It was cloudy when I went to work last Thursday night (7P). A little after 9:30 my patient asked me to look for the moon out the window. It was clear and beautiful!
I turned my patients bed (IV, pleurovac, monitor leads and all) so he could see the almost totally covered moon low in the sky. We both loved it. My other patient was still in the ER and I had everything ready.
What a wonderful few minutes!
A total eclipse of the moon
May 15, 2003 - Earth will cast its shadow over the moon
Thursday night, giving people who tilt their heads toward
the sky a glowing treat - the first total lunar eclipse to be
seen around these parts in years.
Stargazers only need their eyes - not telescopes - to glimpse the
eclipse as the moon orbits past the Earth's huge shadow starting
around 8 p.m. and darkens totally about two hours later.
Though there's an average of two lunar eclipses each year (the next
one is Nov. 8), not all are equal. Some are stunning, such as the one
expected tonight - weather permitting - while others are pretty paltry.
In fact, the last good total lunar eclipse folks in Wisconsin ogled was
in January 2000.
"If the sky is clear, it's going to be really neat," said Jim Lattis,
director of the University of Wisconsin-Madison Space Place.
The sky may or may not be clear. The National Weather Service in
Sullivan forecasts skies to be partly cloudy tonight, so there's a 50-50
chance the lunar eclipse can be seen in Wisconsin.
Providing that the skies are relatively clear, the moon could appear a
copper color, like a shining penny, because of "earthshine" - when
reflected light shines from the Earth to the moon and is bounced
back, said Christopher Sirola, an astronomer who teaches in
Marquette University's Physics Department.
If it weren't for the Earth's atmosphere, the moon would disappear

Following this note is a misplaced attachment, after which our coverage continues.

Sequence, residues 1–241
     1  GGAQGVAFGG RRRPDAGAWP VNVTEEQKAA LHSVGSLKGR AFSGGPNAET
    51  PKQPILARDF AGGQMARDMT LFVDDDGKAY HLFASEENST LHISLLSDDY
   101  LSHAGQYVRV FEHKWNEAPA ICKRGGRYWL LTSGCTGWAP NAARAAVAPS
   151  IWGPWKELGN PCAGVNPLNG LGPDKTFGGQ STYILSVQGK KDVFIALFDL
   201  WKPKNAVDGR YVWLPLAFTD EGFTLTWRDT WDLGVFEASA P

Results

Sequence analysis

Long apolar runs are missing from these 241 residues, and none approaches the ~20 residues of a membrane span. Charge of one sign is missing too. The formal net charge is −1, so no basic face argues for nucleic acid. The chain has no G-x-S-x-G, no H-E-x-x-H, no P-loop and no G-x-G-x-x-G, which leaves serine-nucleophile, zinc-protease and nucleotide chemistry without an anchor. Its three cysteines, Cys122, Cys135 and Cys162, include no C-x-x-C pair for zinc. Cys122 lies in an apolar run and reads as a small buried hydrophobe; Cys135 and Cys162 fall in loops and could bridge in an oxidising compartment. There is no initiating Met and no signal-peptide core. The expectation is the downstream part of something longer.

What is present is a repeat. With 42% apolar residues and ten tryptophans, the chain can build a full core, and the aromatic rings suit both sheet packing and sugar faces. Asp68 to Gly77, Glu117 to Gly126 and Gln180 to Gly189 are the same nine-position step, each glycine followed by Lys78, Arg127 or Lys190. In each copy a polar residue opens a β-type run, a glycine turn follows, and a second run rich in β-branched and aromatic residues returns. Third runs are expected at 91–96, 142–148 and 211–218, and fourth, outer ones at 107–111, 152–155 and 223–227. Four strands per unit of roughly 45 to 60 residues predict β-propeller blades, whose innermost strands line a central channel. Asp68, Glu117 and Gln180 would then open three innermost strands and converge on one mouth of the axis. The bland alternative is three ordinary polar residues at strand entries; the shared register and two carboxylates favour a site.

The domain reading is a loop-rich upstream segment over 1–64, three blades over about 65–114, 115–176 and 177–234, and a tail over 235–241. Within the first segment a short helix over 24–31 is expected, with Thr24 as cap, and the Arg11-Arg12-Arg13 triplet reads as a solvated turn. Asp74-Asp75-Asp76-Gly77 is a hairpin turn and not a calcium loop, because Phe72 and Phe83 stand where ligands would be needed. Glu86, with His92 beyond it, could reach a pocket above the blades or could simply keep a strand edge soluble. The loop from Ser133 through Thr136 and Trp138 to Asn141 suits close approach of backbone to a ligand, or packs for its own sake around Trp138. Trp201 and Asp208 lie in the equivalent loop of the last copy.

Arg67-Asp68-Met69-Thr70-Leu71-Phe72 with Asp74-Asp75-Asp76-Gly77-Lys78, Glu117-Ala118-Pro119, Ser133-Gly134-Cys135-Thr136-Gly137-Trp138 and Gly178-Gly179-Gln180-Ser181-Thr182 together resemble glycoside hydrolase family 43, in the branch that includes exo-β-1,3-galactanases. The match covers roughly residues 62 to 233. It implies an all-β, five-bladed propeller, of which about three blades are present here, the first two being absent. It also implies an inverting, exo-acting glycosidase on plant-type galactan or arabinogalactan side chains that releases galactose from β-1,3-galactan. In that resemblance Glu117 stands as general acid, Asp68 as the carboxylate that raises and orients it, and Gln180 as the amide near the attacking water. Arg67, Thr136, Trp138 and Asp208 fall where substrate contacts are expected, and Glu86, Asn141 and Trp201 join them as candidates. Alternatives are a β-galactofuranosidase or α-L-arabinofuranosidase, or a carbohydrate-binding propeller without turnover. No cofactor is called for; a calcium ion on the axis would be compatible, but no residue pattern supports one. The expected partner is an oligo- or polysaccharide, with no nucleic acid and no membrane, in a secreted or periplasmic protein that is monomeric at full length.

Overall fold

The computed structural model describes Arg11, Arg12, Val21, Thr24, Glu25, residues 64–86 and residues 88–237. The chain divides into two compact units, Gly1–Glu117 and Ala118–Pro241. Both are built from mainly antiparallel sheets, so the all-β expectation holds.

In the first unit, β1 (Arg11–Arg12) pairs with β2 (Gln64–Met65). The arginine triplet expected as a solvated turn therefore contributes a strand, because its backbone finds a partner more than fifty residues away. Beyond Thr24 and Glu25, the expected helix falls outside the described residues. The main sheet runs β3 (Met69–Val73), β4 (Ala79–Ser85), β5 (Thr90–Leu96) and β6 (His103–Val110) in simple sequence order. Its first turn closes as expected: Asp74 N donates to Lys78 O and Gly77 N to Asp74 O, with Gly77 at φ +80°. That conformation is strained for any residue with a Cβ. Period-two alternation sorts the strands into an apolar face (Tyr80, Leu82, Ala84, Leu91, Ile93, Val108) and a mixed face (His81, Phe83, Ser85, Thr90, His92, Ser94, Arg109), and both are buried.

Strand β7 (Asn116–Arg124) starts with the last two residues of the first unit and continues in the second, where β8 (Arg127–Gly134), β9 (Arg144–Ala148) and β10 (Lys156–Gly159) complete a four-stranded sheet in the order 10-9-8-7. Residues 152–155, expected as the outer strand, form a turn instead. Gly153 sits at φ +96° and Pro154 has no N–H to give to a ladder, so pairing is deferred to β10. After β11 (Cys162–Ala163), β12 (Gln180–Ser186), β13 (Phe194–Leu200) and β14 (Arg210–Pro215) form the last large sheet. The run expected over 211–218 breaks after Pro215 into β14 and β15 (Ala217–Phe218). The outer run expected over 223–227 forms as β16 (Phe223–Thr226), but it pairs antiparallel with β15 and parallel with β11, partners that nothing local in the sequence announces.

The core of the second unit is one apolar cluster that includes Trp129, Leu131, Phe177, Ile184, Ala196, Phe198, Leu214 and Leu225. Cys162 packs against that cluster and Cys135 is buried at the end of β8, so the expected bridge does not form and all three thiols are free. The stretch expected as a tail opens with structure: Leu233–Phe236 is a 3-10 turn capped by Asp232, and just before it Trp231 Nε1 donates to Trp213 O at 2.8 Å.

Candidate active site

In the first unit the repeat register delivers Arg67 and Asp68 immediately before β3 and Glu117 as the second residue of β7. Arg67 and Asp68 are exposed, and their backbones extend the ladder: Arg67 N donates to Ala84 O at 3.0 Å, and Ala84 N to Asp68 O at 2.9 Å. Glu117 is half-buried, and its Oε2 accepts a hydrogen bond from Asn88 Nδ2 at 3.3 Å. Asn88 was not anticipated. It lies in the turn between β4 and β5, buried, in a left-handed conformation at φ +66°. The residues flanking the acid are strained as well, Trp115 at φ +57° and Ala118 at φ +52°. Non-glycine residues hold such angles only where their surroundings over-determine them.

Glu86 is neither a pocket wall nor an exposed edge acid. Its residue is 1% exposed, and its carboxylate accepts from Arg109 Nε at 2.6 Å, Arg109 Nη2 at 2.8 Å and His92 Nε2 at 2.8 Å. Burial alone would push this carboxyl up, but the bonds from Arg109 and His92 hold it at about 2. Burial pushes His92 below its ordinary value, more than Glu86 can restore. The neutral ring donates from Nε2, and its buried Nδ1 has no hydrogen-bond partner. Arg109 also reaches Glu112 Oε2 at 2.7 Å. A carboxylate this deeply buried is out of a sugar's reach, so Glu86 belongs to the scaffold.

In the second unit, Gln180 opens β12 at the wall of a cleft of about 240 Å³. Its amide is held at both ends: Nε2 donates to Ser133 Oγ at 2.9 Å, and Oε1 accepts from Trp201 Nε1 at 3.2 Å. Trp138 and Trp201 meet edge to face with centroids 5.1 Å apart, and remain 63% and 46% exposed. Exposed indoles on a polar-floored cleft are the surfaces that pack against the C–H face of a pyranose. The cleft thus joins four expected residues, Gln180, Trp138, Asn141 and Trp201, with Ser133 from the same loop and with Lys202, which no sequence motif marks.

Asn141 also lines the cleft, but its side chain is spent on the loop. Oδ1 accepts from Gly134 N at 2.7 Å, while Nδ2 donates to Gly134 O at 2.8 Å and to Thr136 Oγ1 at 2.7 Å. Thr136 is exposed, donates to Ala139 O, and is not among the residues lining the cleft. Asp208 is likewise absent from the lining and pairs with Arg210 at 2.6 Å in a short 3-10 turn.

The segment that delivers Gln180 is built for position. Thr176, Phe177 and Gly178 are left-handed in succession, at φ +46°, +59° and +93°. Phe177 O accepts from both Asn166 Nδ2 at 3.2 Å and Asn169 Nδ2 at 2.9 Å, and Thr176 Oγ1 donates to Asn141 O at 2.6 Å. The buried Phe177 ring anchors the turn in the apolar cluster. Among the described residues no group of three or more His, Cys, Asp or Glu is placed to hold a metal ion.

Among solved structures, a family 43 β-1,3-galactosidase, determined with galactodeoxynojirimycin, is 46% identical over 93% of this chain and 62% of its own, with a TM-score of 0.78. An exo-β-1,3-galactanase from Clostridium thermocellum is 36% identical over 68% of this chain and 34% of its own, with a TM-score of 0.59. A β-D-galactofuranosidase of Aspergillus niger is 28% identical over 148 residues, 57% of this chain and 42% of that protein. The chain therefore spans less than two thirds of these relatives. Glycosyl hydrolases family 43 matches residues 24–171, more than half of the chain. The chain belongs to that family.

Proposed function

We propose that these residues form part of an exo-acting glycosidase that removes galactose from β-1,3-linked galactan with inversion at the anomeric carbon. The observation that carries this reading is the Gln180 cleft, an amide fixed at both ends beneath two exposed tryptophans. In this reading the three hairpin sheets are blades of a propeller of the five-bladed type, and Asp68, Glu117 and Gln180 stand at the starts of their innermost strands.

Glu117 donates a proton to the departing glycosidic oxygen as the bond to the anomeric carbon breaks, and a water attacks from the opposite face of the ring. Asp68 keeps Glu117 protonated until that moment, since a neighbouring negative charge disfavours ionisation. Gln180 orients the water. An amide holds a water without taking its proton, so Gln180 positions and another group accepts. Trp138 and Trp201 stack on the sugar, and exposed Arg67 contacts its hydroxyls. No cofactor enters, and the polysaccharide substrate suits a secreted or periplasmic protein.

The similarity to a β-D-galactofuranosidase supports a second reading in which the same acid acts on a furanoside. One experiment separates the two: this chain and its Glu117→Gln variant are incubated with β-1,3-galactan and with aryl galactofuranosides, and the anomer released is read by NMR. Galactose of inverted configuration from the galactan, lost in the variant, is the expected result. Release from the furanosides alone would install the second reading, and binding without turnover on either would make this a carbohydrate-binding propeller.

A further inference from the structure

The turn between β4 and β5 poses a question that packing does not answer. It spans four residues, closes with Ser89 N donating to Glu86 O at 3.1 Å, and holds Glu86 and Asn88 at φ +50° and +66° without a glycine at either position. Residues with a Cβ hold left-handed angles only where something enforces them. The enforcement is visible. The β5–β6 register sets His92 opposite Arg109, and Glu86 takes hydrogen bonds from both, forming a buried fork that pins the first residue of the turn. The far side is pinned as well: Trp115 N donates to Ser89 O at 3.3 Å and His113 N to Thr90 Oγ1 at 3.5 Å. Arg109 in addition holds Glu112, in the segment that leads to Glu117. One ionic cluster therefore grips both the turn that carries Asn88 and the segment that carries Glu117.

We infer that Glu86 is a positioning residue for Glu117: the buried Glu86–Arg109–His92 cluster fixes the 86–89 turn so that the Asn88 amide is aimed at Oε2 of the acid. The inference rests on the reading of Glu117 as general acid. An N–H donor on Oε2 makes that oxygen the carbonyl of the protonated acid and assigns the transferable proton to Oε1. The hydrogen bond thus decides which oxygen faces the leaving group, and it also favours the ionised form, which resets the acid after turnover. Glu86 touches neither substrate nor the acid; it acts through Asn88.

during a total eclipse. But because of atmospheric conditions such as
clouds and dust particles floating above the planet, the moon can
range in color from dark gray to blood red.
People who watch the eclipse out in the country are likely to see a
more colorful eclipse while those in metropolitan areas, where there's
much more ambient light, won't see quite as nice a show, said Sirola.
What makes this total lunar eclipse so special is that the moon will
appear larger because it will be very close to Earth. It will be only a
half-day past its perigee - the point in its orbit when it's closest to the
"It's as close to the Earth as it gets," Sirola said. "The moon orbits in
an ellipse instead of a circle so sometimes its orbit takes it far away,
but this time it's close."
During a total lunar eclipse, the moon passes through the outer part of
the Earth's shadow, called the penumbra, and the inner part, known
as the umbra, which is the darker of the two, said Lattis, who teaches
astronomy classes at UW-Madison. As the moon passes into the
umbra, it gets less and less light from the sun until it's plunged totally
While solar eclipses happen quite rapidly - they're usually over within
a few minutes - lunar eclipses take their own sweet time. Tonight's
will last about three hours, with the total eclipse, the time the moon is
entirely covered by the Earth's shadow, lasting 53 minutes, according
to NASA's Goddard Space Flight Center.
Pretty much all of North and South America will see most or all of the
lunar eclipse. The rest of the world is out of luck because it will be
daylight when the eclipse is happening or the moon will not have risen
yet in that part of the globe.
Sirola suggests heading outdoors around 9 p.m. when Earth's shadow
will begin to cover the moon. The moon will be completely covered in
shadow from 10:14 to 11:07 p.m.
"It looks really strange, like a little bite is taken out of the moon," said
Sirola. "You can go outside every couple minutes and take a look,
but if you're really nuts, you can sit and stare at it for an hour."
UW-Madison's Space Place, 1605 S. Park St., will host a public
talk on the eclipse and will provide telescopes for better viewing
of it. For more information on the free event, call (608)